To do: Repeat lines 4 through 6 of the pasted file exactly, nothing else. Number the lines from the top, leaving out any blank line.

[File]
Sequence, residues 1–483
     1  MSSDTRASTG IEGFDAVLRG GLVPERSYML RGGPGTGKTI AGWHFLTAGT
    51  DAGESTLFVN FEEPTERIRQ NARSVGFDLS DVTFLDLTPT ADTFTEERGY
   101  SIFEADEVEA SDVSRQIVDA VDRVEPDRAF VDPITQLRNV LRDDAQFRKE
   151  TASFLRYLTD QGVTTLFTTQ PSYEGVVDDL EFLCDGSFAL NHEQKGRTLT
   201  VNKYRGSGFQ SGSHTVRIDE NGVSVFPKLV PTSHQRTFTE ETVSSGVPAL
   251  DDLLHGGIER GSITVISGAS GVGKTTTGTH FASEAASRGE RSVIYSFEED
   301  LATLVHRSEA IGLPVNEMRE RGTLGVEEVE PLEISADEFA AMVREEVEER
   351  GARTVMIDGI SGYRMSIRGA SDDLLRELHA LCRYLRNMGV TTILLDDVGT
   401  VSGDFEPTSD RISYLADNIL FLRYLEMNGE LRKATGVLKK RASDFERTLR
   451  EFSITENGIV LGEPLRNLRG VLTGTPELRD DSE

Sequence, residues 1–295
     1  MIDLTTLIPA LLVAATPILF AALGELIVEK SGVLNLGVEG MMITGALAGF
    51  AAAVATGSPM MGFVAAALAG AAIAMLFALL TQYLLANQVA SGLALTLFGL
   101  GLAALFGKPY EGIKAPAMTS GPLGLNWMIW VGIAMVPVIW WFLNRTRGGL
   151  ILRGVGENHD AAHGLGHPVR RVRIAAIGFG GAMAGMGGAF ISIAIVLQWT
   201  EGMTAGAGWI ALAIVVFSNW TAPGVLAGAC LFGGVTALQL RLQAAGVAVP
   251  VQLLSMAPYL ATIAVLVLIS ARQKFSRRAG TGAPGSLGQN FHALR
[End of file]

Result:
   101  SIFEADEVEA SDVSRQIVDA VDRVEPDRAF VDPITQLRNV LRDDAQFRKE
   151  TASFLRYLTD QGVTTLFTTQ PSYEGVVDDL EFLCDGSFAL NHEQKGRTLT
   201  VNKYRGSGFQ SGSHTVRIDE NGVSVFPKLV PTSHQRTFTE ETVSSGVPAL